Judge Coleman photo credit: Law360.com.

Hat tip: Peter von Buol.

Mass murder in the name of Allah tends to be a young man's game.  A never-ending series of slaughters around the world, such as the Easter massacres of hundreds of Christian infidels, is the result of the appeal of serving a purportedly sacred end while acting out on feelings of anger and aggression.  The siren song of access to virgins in paradise once the infidels are slaughtered, as the scriptures in the  Koran and Hadith endorse, appeals to the raging hormones of adolescent and post-adolescent males in particular, though females and older males also are attracted to the idea of following Allah and achieving paradise though cruelty and murder.

So it is not terribly surprising that when Adel Daoud was 18 years old, he was vulnerable to the appeal of violent jihad.  And when an undercover FBI agent offered to help him manufacture and detonate a car bomb outside a Chicago bar that could kill and maim a large number of infidels inside, he accepted the offer and even pressed the detonator of what turned out to be a dummy bomb that looked and smelled real but was safe.

All of that happened on 2012, and after years of incarceration while the case was prosecuted and he was tried, yesterday Daoud was sentenced to 16 years in federal prison, not the 40 years the prosecution asked for, with the six-plus years he has spent in jail credited against the sentence.  In addition, he will concurrently serve (in other words, no extra prison time) for two other crimes: hiring an assassin to kill the informant who turned him in and the attempted murder of an inmate who he thought had insulted the Prophet Mohammed.  Both of these crimes indicate a lack of remorse, and indeed a continuing danger of future jihad violence.


Adel Daoud (U.S. Marshals Service photo).

But Judge Sharon Johnson Coleman, appointed to the federal bench by Barack Obama, seemed to see Daoud as a victim.  From the AP's article on the sentencing:

Judge Sharon Johnson Coleman alluded to secret FBI recordings of Daoud made during the 2012 FBI sting that ensnared him. Coleman said Daoud was uniquely immature at the time, when he was 18, noting how Daoud is heard giggling almost constantly as he brainstorms attacks to avenge what he saw as the West's war on Muslims.

At an impressionable age, the judge said the "awkward young man with few friends" was immediately drawn to the 38-year-old FBI agent who first met with Daoud. Daoud promptly began tossing out ideas to impress the agent posing as a terrorist, once suggesting they mount an attack with "flying cars" packed with explosives.

"He continued to do what teenage boys do … talk big," Coleman said.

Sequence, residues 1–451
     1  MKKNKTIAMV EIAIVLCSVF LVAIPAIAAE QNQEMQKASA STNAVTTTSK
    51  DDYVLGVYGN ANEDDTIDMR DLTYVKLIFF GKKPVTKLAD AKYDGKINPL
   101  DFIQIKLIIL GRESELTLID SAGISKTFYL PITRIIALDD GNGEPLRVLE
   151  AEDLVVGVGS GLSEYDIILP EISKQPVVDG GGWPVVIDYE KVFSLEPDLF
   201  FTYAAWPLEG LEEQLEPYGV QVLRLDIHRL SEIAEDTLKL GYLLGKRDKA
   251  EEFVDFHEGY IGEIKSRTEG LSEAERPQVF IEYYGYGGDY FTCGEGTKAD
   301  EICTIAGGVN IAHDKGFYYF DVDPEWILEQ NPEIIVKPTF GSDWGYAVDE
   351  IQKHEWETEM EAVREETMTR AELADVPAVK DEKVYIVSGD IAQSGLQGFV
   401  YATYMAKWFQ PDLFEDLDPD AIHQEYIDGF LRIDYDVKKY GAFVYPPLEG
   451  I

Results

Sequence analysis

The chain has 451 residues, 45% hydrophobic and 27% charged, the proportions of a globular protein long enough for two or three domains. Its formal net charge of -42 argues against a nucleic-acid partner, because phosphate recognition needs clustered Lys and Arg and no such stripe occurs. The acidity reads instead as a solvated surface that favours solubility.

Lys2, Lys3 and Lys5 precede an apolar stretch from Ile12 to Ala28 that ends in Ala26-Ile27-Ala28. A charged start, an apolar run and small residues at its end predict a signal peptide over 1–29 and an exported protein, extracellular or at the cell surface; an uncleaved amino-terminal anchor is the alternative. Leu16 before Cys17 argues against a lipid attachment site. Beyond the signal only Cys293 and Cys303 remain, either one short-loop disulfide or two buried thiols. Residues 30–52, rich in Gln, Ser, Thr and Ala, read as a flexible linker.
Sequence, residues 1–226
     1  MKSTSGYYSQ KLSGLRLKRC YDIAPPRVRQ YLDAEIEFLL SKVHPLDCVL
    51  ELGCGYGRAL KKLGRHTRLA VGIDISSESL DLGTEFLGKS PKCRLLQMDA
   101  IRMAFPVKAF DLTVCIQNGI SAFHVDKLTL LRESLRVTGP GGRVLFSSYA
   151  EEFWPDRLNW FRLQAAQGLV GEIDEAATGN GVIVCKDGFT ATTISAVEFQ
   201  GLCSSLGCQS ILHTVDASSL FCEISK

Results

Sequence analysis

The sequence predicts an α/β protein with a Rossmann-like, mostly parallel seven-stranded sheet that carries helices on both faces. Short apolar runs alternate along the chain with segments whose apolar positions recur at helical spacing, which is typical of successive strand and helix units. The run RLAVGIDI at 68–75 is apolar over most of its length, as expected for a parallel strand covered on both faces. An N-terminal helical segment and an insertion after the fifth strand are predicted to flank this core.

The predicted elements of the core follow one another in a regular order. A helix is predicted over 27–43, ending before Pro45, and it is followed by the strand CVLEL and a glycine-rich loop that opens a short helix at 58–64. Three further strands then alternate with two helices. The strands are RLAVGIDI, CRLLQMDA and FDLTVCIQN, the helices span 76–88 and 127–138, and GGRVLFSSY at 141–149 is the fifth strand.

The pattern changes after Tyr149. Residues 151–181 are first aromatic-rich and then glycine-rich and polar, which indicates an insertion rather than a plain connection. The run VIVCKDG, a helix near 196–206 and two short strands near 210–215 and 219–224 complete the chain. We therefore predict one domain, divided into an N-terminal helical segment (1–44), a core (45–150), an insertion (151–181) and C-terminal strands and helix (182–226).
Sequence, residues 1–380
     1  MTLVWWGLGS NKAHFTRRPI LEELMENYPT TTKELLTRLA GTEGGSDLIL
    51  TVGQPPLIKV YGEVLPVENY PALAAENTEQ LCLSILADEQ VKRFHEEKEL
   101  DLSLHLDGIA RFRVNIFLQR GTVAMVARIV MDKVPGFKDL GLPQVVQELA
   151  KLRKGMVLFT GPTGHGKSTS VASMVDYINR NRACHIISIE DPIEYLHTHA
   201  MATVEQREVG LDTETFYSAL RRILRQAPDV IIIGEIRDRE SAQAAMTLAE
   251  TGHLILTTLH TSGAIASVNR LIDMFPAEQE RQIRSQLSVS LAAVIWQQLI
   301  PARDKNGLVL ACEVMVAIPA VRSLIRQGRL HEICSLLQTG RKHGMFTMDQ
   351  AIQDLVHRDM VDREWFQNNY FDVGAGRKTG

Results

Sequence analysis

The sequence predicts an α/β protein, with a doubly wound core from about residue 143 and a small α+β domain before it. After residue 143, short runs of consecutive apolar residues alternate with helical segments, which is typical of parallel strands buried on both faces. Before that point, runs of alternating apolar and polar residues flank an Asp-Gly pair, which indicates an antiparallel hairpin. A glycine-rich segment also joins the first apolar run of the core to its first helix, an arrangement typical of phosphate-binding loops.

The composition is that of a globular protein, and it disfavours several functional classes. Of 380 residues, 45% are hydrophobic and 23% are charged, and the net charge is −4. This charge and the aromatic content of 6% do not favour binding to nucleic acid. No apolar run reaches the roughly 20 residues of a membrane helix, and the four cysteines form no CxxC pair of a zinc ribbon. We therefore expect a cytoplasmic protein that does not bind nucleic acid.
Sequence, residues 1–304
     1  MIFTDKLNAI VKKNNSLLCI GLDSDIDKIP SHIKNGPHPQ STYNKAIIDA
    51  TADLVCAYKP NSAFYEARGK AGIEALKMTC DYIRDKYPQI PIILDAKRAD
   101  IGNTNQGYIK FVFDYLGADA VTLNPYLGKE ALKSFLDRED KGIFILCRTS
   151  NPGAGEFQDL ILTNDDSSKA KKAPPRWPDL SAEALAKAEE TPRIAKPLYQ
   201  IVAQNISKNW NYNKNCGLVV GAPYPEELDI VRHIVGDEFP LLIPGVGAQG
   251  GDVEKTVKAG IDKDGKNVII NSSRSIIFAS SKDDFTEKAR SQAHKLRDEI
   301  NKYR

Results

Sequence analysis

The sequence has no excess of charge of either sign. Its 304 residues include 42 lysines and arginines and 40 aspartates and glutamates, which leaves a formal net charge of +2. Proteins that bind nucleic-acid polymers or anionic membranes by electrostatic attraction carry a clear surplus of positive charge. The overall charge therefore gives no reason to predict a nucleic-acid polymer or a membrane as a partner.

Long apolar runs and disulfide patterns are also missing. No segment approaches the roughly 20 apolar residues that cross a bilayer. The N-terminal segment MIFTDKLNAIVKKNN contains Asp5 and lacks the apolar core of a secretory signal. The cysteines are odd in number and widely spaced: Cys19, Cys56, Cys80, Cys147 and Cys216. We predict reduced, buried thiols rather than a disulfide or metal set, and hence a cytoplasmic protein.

The perp seemed to appreciate the judge's words:

Daoud didn't react Monday afternoon when the judge announced the sentence, but he smiled and wished Coleman well as the hearing ended.

Judge Coleman also noted the following (via the Chicago Sun-Times):

Judge Coleman, who noted that the hearing was held at the start of the Muslim holy season of Ramadan, as well as Mental Health Month, seemed to agree with the defense portrait of Daoud as a socially awkward, impressionable teenager at the time he encountered an FBI agent posing as a terrorist. The judge noted Daoud's "high-pitched giggle" in taped conversations with the agent, and the fact the teenager used words like "fudge" and "mothercracker" in place of profanities.

Aw, the poor, pious darling.  Many mass-murdering jihadis are pious, awkward, angry, and confused.

Prosecutors were disappointed in Judge Coleman's sentence.  From the Sun-Times:

Prosecutors had argued last week for a sentence of 40 years in prison, and U.S. Attorney John Lausch told reporters in the Dirksen Federal Building lobby that he was disappointed with the sentence. Daoud also will serve concurrent sentences for two offenses he committed while jailed: attempting to hire someone to kill the informant who set him up in the bomb case and attacking another inmate with a sharpened toothbrush handle.

"This gives him a life. We can't ask for anything more than that. This is a terrific result. This gives him his life back," Daoud's lawyer, Thomas Anthony Durkin said. "If the government had its way he would not have a life."

For their part, many media outlets that covered the sentencing seemed to downplay the motivation of jihad.  The Chicago Tribune headlined: "Suburban man given 16 years in prison for terrorism plot to blow up crowded downtown Chicago bar." 

Yes, we have to watch out for those suburban men, who so often become terrorists.

The Wall Street Journal headlined: "Illinois Man Sentenced to 16 Years for Chicago Bomb Plot."

Yes, Illinois is a dangerous hotbed of terror.

Portraying perpetrators of terror as confused and deserving sympathy is a big mistake, in my view.

Judge Coleman photo credit: Law360.com.

Hat tip: Peter von Buol.